Professor values

From Conservapedia
This is an old revision of this page, as edited by Aschlafly (Talk | contribs) at 22:12, 24 March 2008. It may differ significantly from current revision.

Jump to: navigation, search

In regards to liberals and academia, currently there is an over representation of liberals in academia in relation to the public at large.[1][2] As a result, this has often caused a general lack of morals and values in the culture of many college faculties, which is often characterized by atheism[3], censorship, socialism, unjustified claims of expertise and knowledge (for example, the dogmatic promotion of the theory of evolution), liberal beliefs [4], liberal grading, liberal bias[5], anti-patriotism, lack of productivity, bullying or discouraging conservative students (for example, homeschoolers)[6][7], and promotion of sexual immorality.

In a Zogby poll, 58% of Americans said that the bias of professors is a serious problem, while 39% said it is a "very serious" problem.[8] The survey demonstrated further that "an overwhelming majority also believe that job security for college professors leaves them less motivated to do a good job than those professors who do not enjoy a tenured status - 65% said they believe non-tenured professors are more motivated to do a good job in the classroom."[9]

Liberal politicians are routinely given high-ranking academic positions over better-qualified candidates. Examples include:

There are about 3600 colleges, many small, and perhaps 250,000 professors. Yet there have been a relatively large number of shocking crimes and bizarre conduct.

Crimes by Professors

  • Villanova University professor Edward R. Ritter was arrested on March 21, 2008 and charged with selling marijuana to undercover police officers, and a subsequent search of his home uncovered 19 bags of marijuana.[11]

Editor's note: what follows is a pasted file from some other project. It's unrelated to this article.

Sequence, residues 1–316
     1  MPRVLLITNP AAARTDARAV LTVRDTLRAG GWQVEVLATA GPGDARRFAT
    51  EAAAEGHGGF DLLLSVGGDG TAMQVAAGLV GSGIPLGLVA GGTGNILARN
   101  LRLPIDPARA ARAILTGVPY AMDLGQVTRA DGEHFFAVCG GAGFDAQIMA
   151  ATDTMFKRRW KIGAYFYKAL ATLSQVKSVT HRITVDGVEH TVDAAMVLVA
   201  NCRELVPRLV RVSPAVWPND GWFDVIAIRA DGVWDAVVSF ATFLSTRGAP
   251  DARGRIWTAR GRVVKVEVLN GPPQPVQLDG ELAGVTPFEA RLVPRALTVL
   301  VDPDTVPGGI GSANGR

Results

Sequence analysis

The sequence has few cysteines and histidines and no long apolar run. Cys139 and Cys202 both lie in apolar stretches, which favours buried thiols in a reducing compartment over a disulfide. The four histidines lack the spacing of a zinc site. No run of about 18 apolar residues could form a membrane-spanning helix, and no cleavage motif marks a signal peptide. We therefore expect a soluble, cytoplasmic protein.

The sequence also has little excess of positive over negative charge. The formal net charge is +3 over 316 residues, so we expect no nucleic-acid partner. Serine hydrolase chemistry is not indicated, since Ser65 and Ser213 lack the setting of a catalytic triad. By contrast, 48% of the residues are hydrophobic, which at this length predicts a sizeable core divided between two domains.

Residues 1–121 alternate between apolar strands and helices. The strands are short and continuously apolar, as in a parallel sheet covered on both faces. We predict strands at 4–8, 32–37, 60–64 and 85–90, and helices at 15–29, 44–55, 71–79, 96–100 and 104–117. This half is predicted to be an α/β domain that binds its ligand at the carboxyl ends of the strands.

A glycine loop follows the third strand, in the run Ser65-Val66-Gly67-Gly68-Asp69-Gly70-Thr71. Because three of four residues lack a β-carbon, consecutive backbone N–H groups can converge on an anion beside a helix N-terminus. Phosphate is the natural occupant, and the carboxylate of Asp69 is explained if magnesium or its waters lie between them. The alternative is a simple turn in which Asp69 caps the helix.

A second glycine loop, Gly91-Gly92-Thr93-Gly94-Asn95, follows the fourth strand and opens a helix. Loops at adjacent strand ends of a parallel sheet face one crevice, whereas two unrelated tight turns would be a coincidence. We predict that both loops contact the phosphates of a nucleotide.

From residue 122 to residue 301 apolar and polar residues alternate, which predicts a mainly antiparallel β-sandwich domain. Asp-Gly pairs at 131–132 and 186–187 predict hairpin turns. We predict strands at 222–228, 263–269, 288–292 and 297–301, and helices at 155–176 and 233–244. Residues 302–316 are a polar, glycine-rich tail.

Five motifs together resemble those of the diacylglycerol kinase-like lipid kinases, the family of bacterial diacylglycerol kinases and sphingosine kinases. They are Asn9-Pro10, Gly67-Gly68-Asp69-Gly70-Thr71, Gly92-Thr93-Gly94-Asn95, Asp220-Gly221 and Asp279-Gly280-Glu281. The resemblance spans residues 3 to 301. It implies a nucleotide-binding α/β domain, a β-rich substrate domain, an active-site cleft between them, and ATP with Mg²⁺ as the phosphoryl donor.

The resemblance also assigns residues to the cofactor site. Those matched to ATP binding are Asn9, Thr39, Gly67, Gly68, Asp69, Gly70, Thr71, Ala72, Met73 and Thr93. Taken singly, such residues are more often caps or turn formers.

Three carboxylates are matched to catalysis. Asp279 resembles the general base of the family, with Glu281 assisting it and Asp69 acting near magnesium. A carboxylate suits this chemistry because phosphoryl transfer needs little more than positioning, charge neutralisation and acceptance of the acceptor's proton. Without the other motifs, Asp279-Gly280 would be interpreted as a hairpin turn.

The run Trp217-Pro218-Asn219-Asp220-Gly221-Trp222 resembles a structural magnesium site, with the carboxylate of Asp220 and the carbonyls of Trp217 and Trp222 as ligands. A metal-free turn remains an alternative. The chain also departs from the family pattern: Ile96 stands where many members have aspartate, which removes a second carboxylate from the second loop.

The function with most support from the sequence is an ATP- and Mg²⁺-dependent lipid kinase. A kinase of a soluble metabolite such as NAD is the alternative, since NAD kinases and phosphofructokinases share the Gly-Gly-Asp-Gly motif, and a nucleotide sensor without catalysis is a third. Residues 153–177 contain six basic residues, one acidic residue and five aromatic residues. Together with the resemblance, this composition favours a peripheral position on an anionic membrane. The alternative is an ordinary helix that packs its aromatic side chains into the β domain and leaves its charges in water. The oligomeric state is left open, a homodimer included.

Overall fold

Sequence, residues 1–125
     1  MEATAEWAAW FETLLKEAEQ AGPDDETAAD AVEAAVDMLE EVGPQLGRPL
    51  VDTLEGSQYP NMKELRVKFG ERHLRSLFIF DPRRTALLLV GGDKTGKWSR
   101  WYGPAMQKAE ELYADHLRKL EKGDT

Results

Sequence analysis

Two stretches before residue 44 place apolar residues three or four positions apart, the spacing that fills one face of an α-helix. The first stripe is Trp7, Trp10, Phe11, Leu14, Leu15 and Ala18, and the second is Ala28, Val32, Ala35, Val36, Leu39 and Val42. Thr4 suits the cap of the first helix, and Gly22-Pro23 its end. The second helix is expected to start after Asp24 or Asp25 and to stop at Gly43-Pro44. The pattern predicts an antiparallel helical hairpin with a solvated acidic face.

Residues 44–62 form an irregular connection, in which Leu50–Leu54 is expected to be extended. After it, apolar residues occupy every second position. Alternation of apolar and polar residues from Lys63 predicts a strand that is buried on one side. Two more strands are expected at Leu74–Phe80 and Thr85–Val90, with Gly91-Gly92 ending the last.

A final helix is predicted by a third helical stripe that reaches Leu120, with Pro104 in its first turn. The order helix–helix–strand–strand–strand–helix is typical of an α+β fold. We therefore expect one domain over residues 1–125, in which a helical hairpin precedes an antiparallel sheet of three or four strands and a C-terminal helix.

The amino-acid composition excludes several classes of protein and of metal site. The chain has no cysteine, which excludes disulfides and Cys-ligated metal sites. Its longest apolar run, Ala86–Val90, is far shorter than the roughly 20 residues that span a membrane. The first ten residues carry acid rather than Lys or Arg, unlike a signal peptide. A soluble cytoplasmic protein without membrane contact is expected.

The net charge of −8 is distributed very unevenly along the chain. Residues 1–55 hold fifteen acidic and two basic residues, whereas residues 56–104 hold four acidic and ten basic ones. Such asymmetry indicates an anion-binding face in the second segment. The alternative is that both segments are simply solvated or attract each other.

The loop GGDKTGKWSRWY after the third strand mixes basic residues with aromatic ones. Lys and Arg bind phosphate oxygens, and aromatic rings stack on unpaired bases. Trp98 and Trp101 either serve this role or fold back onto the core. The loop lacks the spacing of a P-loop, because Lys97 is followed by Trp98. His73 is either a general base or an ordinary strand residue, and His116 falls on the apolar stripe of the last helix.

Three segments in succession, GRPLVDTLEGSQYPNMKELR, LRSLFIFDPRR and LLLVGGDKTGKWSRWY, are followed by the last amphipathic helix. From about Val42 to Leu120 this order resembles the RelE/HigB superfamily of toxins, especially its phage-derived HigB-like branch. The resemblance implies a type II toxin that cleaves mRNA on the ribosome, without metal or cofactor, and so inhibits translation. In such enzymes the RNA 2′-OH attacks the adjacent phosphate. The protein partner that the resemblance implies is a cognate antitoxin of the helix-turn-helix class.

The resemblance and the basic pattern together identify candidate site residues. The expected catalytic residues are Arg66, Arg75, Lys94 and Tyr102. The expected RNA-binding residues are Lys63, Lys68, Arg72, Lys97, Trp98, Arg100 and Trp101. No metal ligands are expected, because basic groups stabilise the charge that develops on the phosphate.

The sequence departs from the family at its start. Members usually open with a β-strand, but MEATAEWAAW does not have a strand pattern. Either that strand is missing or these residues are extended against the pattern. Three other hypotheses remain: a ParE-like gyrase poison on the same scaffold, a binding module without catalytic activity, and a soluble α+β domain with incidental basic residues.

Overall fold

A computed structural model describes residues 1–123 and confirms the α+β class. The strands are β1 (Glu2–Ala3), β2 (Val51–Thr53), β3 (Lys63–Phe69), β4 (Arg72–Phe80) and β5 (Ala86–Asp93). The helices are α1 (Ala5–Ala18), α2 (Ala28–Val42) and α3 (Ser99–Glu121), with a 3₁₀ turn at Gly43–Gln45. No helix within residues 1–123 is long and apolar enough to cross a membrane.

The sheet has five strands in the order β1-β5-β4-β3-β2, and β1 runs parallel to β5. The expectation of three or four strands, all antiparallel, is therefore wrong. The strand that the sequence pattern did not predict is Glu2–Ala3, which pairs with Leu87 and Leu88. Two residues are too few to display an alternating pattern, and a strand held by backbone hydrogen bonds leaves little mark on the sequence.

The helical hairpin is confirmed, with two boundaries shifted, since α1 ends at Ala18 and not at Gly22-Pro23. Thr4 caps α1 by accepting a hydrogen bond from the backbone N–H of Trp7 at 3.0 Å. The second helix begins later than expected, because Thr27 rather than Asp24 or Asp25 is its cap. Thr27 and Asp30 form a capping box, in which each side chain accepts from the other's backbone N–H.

• Kansas State University English professor Thomas Murray was a popular teacher, but he was convicted of murdering his ex-wife with 17 stab wounds and blunt trauma to her head. She "was found dead in her bedroom atop a dresser."[12] Professor Murray had written several books, including "The Language of Sadomasochism."[13] He did not testify in his defense and spoke only at sentencing, where he called the state's case a "fairy tale."[14]
  • Shortly after the end of the school year and his contract, Marshall University Psychiatry associate professor John M. Adams burglarized and murdered Bobby Burns on July 2, 2003, and then kidnapped two women and forced them to drive him across the Ohio River.[15]
  • University of South Florida professor Sami al-Arian pled guilty to "aiding a terrorist group" and was "sentenced to 57 months in prison."[16][17] He then "spent more than a year in civil contempt after refusing to appear before two grand juries investigating Islamic charities in Northern Virginia."[18]
  • Claremont McKenna College visiting professor Kerri Dunn was sentenced to a year in state prison after she was found guilty of staging a phony hate crime, in which she "spray-painted her car with racist and anti-Semitic slurs and then reported a hate crime on campus."[19]
  • University of Hawaii professor Marc Fossorier was arrested and later convicted and sentenced to one year in jail for attempting a sex crime with a girl apparently only 15 years old.[20]